The durability, low cost and high density of tape make it the ideal media for handling extremely large amounts of information. But tapes also come with one significant drawback: SPEED.
Automated tape libraries help a bit by automating the task of finding and loading the right tape faster than a human could ever do it. But it still wasn’t enough. In order to use the data on any given tape, you must first locate it, load it into the tape drive, and then read it sequentially until you find the file you were looking for.
For a single tape, this is slightly inconvenient. But for a large tape library, it’s completely impractical.
In order to work effectively, automated tape libraries needed a significant boost in speed to take them to the next level. This is why Virtual Tape Libraries or VTLs were created.
Instead of reading/writing directly to tape, VTLs, would keep a large disk-based buffer of Virtual tapes which could be quickly written/read. Often times, this buffer could represent as many as 256 or 512 tapes.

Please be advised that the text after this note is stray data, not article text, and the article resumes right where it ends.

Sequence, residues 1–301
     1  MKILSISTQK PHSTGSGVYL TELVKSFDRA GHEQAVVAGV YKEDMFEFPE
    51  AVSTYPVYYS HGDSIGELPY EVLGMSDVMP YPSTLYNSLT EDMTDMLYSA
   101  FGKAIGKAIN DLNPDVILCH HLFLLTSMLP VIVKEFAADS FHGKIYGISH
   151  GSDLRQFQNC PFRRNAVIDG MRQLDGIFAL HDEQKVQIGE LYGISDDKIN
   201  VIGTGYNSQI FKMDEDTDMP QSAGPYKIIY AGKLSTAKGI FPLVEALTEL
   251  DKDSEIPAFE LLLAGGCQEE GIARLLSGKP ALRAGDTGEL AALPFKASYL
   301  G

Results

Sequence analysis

This approach provided 2 significant benefits:
Virtual copies of tapes could be instantly accessed in the buffer without having to be loaded into the reader. Now you could access 20 different virtual tapes in the same time it would take to find, load and read just 1 or 2 tapes.
With simple automated tape libraries, storage devices were often under-used. To save a file, you’d pick up a tape, write to it, and then put it back. Now, you could load up the entire virtual tape before putting it back. Or better yet, find a way to optimize file storage across many virtual devices. For example, several smaller virtual tapes could be copied to one physical tape in order to save space.
When you think about how VTLs streamline the data management process, it’s almost hard to imagine that all of this work was once done by hand not too long ago. If it wasn’t for the speed and efficiency offered by these devices, many data-intensive industries simply could not exist.